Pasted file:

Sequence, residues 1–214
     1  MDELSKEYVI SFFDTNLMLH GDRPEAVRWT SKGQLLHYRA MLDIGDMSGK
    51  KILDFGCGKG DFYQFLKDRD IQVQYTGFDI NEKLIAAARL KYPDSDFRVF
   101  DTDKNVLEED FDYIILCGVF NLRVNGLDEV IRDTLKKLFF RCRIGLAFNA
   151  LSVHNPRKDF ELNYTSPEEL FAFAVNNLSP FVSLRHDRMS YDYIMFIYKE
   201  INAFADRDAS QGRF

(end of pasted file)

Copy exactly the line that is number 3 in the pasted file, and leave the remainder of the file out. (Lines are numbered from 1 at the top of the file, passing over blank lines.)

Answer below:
    51  KILDFGCGKG DFYQFLKDRD IQVQYTGFDI NEKLIAAARL KYPDSDFRVF